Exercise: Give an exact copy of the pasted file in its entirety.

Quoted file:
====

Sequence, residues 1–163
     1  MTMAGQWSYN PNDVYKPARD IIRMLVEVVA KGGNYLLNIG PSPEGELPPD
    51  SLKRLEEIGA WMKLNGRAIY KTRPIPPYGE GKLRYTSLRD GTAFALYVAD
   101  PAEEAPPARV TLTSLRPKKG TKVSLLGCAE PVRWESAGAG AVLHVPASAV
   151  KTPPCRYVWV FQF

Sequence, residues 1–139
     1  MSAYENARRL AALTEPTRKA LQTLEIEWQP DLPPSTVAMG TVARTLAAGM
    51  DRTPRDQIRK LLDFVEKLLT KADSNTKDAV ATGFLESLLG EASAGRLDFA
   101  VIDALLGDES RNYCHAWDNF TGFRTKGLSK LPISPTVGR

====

Sequence, residues 1–163
     1  MTMAGQWSYN PNDVYKPARD IIRMLVEVVA KGGNYLLNIG PSPEGELPPD
    51  SLKRLEEIGA WMKLNGRAIY KTRPIPPYGE GKLRYTSLRD GTAFALYVAD
   101  PAEEAPPARV TLTSLRPKKG TKVSLLGCAE PVRWESAGAG AVLHVPASAV
   151  KTPPCRYVWV FQF

Sequence, residues 1–139
     1  MSAYENARRL AALTEPTRKA LQTLEIEWQP DLPPSTVAMG TVARTLAAGM
    51  DRTPRDQIRK LLDFVEKLLT KADSNTKDAV ATGFLESLLG EASAGRLDFA
   101  VIDALLGDES RNYCHAWDNF TGFRTKGLSK LPISPTVGR